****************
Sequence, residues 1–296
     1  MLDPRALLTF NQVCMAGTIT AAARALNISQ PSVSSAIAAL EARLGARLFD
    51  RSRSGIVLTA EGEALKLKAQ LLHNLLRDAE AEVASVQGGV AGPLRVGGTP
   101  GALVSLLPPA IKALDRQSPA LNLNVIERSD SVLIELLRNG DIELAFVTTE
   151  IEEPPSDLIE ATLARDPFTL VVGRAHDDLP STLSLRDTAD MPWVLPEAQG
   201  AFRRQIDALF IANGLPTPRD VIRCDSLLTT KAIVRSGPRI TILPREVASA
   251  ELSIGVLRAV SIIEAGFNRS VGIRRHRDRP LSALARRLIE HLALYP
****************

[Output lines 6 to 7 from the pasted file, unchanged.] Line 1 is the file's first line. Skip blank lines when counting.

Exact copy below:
   201  AFRRQIDALF IANGLPTPRD VIRCDSLLTT KAIVRSGPRI TILPREVASA
   251  ELSIGVLRAV SIIEAGFNRS VGIRRHRDRP LSALARRLIE HLALYP